Sunday, October 6, 2019

Review: Chills 'n Thrills at CSC's 'The Ghost Train'

Calling all mystery fans, particularly of the supernatural thriller variety. Look no further: The Centenary Stage Company is presenting the perfect Halloween season treat. The play is The Ghost Train by British playwright Arnold Ridley. In addition to wide theater exposure for almost 100 years, including Broadway, it was filmed no less than six times, plus two tv versions. It was even produced as a musical in 1954. The Centenary Stage production makes one key change …. moving the setting from England to the US.  

The play takes place in the waiting room of a wayside railway station on a branch line near Rockland, Maine. The excellent realistic set is by New York designer Matthew Imhoff. Perfect spot to credit Anthony Raddi and Martin Kolb for the shiver producing light and sound effects.

Here is the big question: Would you spend a night in a haunted train station? Well, six train travelers are stranded overnight in an inhospitable train station in the backwoods of Maine. The equally inhospitable stationmaster demands that they leave the station…in torrential rain with the nearest help five miles cross country. To convince them to leave, he explains the strange tale of a train wreck years before that killed six people. The train is said to pass the area at midnight with the long dead engineer at the throttle. Locals have been warned that to look at the train means death. 

From this point the story has as many twists as an alpine road. To go further in a plot description will spoil the ‘fun.’ Note that this a perfect date event since hand holding may by required during many of the chilling moments. The critic of the British newspaper The Guardian called The Ghost Train “the world’s scariest play.”

Director Carl Wallnau, a master of thrillers (Bram Stoker’s Dracula, Agatha Cristie’s The Mouse Trap and Ira Levin’s Deathtrap), has nicely cast The Ghost Train with a combination of professional theatre vets and several newcomers.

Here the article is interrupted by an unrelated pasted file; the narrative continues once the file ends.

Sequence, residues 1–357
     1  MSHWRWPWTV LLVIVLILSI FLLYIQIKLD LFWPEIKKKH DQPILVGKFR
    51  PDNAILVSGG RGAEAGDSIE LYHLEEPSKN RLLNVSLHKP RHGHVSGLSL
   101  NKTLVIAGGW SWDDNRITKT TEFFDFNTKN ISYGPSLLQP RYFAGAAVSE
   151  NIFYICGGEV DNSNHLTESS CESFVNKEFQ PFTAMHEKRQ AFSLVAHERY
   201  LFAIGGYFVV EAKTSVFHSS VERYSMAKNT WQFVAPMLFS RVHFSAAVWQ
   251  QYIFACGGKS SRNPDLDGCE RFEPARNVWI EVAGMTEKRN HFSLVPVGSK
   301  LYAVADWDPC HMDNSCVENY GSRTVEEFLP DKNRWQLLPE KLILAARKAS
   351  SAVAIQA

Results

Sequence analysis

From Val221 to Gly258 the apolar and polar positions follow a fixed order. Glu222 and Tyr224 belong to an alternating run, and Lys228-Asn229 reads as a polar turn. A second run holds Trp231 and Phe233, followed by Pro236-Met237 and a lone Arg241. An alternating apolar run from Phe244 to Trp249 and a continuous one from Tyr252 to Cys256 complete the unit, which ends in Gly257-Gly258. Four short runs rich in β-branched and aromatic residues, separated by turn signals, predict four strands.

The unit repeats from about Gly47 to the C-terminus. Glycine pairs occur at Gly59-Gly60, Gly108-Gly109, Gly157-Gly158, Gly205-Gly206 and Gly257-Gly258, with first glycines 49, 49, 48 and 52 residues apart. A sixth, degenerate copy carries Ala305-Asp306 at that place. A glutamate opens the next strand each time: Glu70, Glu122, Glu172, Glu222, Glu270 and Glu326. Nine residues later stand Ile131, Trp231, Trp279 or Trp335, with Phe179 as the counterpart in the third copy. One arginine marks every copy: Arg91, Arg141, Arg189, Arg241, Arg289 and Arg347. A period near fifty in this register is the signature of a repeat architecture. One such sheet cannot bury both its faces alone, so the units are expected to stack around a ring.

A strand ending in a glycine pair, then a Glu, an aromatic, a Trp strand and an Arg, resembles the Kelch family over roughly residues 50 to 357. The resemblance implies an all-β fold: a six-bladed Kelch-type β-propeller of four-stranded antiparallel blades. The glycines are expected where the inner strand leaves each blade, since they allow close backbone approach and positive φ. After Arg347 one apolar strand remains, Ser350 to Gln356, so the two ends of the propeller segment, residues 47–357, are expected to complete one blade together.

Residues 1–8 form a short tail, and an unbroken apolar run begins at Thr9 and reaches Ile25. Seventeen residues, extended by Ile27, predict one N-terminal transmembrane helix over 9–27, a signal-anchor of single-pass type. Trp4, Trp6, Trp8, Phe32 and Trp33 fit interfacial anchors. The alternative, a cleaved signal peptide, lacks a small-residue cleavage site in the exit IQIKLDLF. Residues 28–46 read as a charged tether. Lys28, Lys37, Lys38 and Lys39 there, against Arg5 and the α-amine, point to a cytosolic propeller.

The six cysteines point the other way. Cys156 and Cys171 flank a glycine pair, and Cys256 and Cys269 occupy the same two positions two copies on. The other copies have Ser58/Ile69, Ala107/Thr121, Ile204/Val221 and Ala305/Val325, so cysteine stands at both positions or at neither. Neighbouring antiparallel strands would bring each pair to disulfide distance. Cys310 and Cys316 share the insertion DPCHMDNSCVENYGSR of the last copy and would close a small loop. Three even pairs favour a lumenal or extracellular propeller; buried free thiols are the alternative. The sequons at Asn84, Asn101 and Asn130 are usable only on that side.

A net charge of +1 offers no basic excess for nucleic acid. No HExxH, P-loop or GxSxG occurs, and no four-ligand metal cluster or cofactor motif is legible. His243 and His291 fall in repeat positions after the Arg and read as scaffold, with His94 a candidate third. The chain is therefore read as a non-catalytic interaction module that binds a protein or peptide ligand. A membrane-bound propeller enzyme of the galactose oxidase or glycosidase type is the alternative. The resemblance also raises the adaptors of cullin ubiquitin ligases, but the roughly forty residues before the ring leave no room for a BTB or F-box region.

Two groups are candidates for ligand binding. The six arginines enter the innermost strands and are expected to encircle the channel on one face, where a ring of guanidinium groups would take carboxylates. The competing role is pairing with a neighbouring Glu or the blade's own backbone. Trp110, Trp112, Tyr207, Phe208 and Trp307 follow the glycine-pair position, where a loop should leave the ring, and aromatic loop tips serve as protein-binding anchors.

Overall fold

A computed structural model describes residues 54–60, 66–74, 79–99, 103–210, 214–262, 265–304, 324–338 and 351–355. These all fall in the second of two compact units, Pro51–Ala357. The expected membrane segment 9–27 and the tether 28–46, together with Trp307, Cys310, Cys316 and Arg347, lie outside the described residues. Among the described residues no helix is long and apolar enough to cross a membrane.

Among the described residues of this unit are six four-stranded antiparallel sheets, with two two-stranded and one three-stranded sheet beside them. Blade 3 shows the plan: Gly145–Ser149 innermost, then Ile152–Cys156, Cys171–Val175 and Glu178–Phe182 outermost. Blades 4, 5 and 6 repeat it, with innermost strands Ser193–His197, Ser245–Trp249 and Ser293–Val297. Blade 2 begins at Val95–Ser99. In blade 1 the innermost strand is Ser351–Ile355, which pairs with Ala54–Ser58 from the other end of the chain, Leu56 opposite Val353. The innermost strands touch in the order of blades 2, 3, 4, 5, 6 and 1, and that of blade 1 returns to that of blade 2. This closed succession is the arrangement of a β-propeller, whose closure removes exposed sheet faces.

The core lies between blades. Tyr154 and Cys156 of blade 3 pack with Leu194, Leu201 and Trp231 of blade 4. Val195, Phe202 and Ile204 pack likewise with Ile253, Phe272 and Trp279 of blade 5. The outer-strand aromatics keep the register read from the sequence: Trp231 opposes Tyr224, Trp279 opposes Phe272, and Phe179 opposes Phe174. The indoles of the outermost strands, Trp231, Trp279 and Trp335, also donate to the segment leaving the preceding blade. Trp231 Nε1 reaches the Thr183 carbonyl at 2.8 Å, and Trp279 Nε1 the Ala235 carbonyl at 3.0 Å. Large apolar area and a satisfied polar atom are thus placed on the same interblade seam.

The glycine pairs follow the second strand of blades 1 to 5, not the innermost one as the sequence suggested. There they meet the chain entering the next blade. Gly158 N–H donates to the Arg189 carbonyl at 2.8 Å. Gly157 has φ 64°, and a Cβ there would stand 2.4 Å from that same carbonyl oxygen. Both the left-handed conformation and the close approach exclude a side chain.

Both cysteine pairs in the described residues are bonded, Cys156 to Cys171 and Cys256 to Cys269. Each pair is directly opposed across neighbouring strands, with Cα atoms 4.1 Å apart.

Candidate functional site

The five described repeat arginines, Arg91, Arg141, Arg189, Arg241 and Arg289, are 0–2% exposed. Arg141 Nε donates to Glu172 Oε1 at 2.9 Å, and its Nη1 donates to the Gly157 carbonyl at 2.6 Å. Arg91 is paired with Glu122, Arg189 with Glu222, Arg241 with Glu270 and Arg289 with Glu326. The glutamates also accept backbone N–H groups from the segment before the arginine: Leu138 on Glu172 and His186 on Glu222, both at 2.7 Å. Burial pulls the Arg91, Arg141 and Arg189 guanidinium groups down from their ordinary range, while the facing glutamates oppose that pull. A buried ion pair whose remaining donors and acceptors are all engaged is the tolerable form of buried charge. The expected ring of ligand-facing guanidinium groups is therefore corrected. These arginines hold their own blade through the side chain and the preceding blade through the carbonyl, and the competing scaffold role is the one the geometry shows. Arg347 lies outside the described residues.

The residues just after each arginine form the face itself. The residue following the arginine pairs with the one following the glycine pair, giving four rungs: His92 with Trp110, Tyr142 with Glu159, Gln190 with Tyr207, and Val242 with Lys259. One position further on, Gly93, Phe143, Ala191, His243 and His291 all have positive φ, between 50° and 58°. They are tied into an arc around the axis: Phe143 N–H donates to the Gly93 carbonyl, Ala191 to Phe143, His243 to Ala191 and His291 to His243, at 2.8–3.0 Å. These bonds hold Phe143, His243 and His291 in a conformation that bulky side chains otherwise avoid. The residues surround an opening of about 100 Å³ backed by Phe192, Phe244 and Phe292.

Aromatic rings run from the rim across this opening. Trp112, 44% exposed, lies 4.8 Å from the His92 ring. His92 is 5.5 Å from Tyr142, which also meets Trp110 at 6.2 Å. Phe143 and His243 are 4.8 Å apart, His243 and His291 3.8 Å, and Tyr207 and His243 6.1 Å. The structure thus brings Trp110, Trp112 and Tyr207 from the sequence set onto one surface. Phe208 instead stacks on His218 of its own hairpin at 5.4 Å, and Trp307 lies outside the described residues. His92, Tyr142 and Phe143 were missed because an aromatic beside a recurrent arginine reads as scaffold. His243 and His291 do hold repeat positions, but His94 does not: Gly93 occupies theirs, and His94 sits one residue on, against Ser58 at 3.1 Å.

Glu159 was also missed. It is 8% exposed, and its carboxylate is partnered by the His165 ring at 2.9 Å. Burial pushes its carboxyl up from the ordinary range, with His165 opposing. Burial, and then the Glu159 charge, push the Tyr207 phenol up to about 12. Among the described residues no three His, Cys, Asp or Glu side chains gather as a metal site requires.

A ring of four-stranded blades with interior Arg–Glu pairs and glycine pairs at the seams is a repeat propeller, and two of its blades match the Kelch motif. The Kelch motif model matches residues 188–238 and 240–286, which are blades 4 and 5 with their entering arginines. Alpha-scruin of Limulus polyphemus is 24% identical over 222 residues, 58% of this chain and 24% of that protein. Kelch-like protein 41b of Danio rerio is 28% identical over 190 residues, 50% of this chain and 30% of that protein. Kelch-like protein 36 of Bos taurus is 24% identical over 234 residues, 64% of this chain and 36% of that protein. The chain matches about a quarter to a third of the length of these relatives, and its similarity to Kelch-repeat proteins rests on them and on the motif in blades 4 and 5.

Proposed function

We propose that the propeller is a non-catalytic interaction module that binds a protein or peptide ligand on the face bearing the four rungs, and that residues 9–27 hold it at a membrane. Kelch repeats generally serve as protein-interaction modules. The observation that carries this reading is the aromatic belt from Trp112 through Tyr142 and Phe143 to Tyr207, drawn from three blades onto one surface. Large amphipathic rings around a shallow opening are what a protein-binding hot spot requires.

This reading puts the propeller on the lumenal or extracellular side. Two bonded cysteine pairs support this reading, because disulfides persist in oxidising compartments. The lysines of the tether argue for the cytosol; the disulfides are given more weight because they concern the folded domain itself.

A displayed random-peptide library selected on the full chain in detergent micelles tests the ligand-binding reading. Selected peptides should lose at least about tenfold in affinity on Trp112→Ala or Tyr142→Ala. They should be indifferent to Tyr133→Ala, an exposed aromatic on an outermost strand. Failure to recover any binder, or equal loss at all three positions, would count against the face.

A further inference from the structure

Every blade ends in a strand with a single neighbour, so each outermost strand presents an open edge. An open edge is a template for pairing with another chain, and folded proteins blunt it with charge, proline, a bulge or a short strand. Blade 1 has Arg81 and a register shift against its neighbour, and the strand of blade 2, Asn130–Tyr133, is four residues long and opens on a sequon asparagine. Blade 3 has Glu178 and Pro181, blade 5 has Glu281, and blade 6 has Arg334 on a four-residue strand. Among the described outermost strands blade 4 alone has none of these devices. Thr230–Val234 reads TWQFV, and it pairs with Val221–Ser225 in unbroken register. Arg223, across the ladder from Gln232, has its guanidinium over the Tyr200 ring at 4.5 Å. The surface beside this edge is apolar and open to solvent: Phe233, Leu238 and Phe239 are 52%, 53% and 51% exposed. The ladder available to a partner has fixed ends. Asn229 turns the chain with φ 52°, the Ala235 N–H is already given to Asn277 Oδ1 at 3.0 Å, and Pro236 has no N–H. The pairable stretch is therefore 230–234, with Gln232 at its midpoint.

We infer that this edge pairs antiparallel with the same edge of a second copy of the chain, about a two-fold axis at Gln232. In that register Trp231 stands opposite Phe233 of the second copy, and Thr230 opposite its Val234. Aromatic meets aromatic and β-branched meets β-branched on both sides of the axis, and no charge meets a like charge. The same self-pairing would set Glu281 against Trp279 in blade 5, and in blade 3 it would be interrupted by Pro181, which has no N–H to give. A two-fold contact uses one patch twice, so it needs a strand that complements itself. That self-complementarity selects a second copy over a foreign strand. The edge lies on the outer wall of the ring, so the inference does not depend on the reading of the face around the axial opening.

Leading the professionals are Michael Irvin Pollard (Herbert Price), Peter Kendall (Richard Winthrop), David Sitler (Saul Hodgkin) with his wife Carolyn Popp (Miss Bourne), Justin Pietropaolo (Teddy Deakin), Lauren T. Mack -photo above (Julia Price), Craig Macdonald (John Sterling), and Ryan Robert Washington (Jackson). 

The equally fine young cast members include Campbell Symes (Elsie Winthrop), CJ Carter (Charles Murdock), Sara Giacomini (Peggy Murdoch). Also, in the supporting cast are Malachi Bobien and Gabe Landes (to reveal their roles may be a bit of a spoiler). 

Stand out performances from David Sitler as the mysterious Stationmaster Hodgkin, Sitler’s real wife Carolyn Popp …spot-on in her hilarious  introduction to brandy (photo right), and Justin Pietropaolo as the English dandy Teddy Deakin. Clearly having the most fun ‘dancing’ is Lauren T. Mack as Julia Price.

Also, credit to the usually neglected stage manager, in this case it is one of the area’s most in demand SM’s, Danielle Constance. The proper period costumes are from Nicole Wilkowski.

Reviewed by Rick Busciglio  Oct. 4, 2019

The ‘world’s ‘scariest play’ is a great exageration, but nevertheless The Ghost Train will keep you on the edge of your seat.
 It plays until October 20th at the comfortable Lackland Performing Arts Center. Tickets range from $27.50 to $32.00 for adults with discounts available for students, seniors and children under 12. Tickets are available on – line at or by phone at (908) 979 – 0900. All performances will be held in the Sitnik Theatre of the Lackland Performing Arts Center at 715 Grand Ave. Hackettstown, NJ.

Cast photos by Chris Young

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